'Doomsday Planes' Tracked Flying After Pres. Trump Tests Positive For Coronavirus; Military Says No LinkChris Menahan
Oct. 02, 2020
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Multiple "Doomsday planes" were tracked flying over America's east and west coast just half an hour before President Trump revealed on Twitter that he and First Lady Melania Trump had tested positive for the coronavirus.
Tim Hogan noticed an E-6B Mercury flying off the east coast shortly after 12 am EST.
He saw another on the west coast a few minutes later.
Hogan said he believes that "Stratcom wants them to be seen."
Harvard professor and CNN analyst Juliette Kayyem chimed in, writing: "30 minutes before Trump's announcement, the fail safe planes are put into air to deter foreign adversaries. Part of continuity protocols. As I said, we have a plan."
"Without being dramatic, these are the doomsday planes (we should probably change the name) established during Cold War in event of presidential death or illness to deter adversaries," Kayyem said in a follow-up tweet.
Kayyem later deleted the tweets because she wasn't sure if the two events were linked.
US Strategic Command on Friday put out a statement saying the missions were "pre-planned" and the timing is "purely coincidental."
From Business Insider:
US Strategic Command, which oversees the US strategic nuclear forces, told Insider in a statement that "these flights were pre-planned missions," adding that "any timing to the President's announcement is purely coincidental."Here's some info on the "Doomsday planes" from the US Air Force:
The E-4 is a militarized version of the Boeing 747-200 and serves as the National Airborne Operations Center for the president, secretary of defense and chairman of the Joint Chiefs of Staff. It was delivered to the Air Force for operational use in December 1974 and assumed alert status from the EC-135J 35 years ago this month. Since then, the aircraft and her Nightwatch team have been continuously ready, serving "hot" alert 24 hours a day, seven days a week.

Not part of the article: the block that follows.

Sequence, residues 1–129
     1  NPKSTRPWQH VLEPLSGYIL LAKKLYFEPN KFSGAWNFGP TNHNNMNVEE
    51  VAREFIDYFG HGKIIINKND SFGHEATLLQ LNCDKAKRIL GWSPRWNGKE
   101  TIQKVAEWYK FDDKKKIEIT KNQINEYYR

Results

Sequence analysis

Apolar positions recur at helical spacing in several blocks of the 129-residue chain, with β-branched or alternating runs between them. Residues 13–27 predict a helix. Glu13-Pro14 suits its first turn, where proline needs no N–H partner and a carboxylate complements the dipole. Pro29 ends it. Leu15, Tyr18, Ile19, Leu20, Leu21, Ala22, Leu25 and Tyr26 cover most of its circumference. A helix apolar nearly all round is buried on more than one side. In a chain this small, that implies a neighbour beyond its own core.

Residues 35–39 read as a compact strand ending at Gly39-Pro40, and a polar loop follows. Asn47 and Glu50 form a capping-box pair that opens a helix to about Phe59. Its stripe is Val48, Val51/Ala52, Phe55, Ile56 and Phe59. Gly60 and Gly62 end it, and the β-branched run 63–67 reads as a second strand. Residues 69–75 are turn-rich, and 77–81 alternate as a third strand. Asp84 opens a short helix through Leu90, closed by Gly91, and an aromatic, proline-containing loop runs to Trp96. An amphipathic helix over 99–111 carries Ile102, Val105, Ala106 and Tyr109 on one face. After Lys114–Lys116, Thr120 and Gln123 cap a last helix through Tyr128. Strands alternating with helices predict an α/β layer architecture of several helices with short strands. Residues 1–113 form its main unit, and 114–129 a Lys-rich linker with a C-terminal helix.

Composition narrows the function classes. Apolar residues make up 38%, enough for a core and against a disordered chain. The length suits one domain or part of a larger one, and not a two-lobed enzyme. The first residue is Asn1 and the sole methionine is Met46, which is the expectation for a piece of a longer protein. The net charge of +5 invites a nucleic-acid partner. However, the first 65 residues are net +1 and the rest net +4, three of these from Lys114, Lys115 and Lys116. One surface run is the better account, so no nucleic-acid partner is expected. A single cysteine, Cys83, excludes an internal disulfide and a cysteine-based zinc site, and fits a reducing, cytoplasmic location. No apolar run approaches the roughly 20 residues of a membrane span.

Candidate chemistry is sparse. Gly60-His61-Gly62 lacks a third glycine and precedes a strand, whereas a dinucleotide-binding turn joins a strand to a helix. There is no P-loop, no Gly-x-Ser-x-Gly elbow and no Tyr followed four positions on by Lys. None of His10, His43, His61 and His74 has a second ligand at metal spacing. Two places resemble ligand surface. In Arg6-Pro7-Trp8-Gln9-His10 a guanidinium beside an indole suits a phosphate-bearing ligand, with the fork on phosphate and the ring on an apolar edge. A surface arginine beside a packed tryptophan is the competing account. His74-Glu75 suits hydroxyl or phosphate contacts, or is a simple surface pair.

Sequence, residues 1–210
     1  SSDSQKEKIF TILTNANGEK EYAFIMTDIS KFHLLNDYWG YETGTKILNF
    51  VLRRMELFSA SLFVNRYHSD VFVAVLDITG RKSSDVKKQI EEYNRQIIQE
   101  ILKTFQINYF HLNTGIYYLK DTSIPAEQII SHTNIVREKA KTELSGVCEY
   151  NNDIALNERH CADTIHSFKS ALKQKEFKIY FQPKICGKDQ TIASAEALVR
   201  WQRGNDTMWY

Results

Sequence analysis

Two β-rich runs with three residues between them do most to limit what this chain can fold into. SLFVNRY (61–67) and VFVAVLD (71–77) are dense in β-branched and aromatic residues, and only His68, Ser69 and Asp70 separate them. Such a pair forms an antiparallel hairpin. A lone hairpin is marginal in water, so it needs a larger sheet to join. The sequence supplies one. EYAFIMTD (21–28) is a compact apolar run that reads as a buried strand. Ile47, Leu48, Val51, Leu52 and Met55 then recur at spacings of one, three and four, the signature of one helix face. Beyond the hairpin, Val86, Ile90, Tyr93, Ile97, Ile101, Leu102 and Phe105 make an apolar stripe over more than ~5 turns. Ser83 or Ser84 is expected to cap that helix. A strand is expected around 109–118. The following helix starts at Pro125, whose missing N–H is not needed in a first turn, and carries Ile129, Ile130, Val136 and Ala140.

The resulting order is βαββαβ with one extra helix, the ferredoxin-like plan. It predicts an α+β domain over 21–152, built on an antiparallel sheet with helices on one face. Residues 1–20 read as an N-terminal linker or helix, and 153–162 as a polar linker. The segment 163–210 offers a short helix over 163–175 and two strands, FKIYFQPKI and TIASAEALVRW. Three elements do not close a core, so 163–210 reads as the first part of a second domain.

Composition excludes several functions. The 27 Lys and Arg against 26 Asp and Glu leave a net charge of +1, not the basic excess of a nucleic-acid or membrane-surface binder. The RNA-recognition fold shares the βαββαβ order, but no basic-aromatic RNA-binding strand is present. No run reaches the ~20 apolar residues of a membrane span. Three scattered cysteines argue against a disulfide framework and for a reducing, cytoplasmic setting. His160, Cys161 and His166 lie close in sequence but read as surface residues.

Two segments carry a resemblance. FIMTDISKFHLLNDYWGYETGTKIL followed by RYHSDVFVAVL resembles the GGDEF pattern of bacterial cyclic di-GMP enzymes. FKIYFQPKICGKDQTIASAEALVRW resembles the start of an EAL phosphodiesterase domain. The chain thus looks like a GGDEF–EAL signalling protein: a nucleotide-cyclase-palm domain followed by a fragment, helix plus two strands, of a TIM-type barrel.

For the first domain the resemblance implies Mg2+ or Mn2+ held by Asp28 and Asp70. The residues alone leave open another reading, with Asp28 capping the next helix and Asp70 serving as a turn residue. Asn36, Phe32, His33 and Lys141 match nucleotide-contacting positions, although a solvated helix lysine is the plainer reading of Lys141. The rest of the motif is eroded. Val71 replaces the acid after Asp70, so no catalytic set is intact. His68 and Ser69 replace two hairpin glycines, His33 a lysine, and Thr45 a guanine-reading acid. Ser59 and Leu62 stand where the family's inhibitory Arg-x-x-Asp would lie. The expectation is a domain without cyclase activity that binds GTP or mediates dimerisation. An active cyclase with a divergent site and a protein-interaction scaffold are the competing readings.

"The E-4B is the most technologically advanced airborne system in the world," said Lt. Col. David Gaskill, 1st Airborne Command Control Squadron commander, who oversees the day-to-day operations of the aircraft. "From the front to (the) back of the jet, we've got some of the brightest and most professional Airmen in the Air Force."
Originally known as the National Emergency Airborne Command Post, the E-4's mission during the late 1970s and 1980s was to provide the president a safe location to conduct wartime operations in the event of a nuclear attack, earning the jet the dubious moniker, "the doomsday plane."WATCH:
"Though the Mercury doesn't carry any weapons of its own, it may be in a sense the deadliest aircraft operated by the Pentagon, as its job is to command the launch of land-based and sea-based nuclear ballistic missiles," National Interest reported in 2018.
"...[T]he E-6's sinister purpose is to maintain the communication link between the national command authority (starting with the president and secretary of defense) and U.S. nuclear forces, even if ground-based command centers are destroyed by an enemy first strike. In other words, you can chop off the head of the U.S. nuclear forces, but the body will keep on coming at you, thanks to these doomsday planes."
[Updated with statement from US Strategic Command.]
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